What is not so feminine is the body. Yes, it has boobs, but the hips are really thin, and the arms and legs are extremely spindly. The torso is also extremely muscled, with ripped abs and very little in the way of curves. Since Mystique's showing her midriff, the navel in the sculpt now makes sense, whereas it was stupid before. Not to say anything negative about women who might have the "stick-thin, skinny-hipped, giant basketball boobs" bodytype, but Hasbro seems to think this body works for every female comic character. Mystique's look is clearly inspired by the art of Mike Mayhew, who drew her very as very curvaceous and feminine. Yes, different artists drew the interiors of her comics, but it's Mayhew's pin-up covers that are iconic. It doesn't really jibe with the zero-body-fat figure we got.

The paint is decent but a bit inconsistent. Her vest is a gloss black, but her pants and belt are matte, and the gloves are something in between. Silver accents denote the buttons, buckles and zippers. Her skin is blue with a dark blue - almost dark grey - wash, but it's much more prevalent on the torso than the arms and face. The hair is a deep red with a brown wash, and is one of the better applications on the figure. The face gets golden eyes, black eyebrows, and red lips. The eyebrows are slightly arched, and though the app looks the same as the one on Madame Hydra, it just works better on Mystique. Maybe it's the blue skin. The skull on her forehead is a painted element, which is kinda lame. Yes the packaging art would have you believe that's what it's supposed to look like, but trust us, it's meant to be an actual tiny skull, not just 2D color on her forehead.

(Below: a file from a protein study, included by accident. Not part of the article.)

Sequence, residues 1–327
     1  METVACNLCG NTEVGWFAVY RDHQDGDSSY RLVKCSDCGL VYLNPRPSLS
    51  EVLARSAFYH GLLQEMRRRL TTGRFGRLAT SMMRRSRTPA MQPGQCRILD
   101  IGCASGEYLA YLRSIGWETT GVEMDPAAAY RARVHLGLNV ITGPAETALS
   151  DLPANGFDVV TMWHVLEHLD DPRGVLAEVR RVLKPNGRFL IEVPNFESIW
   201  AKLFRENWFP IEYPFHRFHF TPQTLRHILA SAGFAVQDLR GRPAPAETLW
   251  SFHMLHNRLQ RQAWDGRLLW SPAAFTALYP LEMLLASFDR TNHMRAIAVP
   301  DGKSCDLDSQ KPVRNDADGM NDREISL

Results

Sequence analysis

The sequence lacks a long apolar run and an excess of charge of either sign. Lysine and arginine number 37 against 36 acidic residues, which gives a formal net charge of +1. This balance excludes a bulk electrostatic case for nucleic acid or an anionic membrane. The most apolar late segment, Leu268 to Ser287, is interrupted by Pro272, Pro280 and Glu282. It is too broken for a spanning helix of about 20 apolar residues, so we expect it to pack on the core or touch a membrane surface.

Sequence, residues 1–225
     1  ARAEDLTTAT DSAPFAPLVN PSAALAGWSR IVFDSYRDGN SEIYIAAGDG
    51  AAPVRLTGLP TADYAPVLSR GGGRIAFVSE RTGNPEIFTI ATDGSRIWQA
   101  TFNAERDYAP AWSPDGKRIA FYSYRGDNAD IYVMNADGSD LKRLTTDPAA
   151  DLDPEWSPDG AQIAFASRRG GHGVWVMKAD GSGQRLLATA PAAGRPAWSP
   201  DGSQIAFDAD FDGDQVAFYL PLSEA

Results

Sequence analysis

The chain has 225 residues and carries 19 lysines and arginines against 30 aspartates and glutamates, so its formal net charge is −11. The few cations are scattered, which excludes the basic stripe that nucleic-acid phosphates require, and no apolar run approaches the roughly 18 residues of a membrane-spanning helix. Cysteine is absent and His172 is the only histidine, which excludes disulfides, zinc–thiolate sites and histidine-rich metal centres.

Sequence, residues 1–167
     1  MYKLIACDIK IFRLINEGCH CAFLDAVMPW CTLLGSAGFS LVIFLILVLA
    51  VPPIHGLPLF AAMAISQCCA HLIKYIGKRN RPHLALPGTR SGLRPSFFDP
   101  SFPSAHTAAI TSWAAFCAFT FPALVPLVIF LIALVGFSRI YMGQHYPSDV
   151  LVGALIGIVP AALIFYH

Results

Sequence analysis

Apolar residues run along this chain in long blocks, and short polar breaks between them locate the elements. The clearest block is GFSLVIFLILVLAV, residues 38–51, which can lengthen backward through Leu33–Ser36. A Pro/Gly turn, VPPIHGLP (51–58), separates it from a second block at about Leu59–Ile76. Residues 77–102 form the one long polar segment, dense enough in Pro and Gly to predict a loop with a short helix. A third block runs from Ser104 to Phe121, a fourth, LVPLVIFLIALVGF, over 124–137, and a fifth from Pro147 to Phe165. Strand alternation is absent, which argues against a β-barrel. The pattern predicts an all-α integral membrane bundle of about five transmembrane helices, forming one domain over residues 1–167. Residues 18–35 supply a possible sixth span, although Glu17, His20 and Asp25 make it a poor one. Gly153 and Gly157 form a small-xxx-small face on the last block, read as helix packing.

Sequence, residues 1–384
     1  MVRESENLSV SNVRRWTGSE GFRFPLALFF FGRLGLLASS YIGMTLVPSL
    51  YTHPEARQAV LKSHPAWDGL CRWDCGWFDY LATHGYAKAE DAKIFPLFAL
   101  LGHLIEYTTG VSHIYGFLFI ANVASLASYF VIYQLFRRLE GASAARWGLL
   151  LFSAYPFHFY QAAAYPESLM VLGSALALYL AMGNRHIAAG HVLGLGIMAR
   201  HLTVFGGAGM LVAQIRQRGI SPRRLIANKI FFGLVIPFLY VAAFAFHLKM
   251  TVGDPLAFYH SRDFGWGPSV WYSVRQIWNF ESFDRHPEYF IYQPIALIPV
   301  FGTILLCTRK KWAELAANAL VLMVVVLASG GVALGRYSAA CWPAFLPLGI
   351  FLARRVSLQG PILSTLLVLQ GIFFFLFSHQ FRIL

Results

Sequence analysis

The articulation is identical to Madame Hydra: balljointed neck, peg and hinge shoulders, elbows, and wrists, balljointed torso, peg and hinge hips, peg thighs, double hinged knees, and peg and hinge ankles. It's a nice set up, but the limbs are so spindly it tends to look awkward in many poses. Even standing straight up she looks kind of strange, thanks to the huge gap between her thighs. There's got to be a way to have a figure that looks feminine while still maintaining a decent range of articulation. In fact, Hasbro's own Shanna the She-Devil figure managed to look curvy while still being playable, and that figure's almost five years old.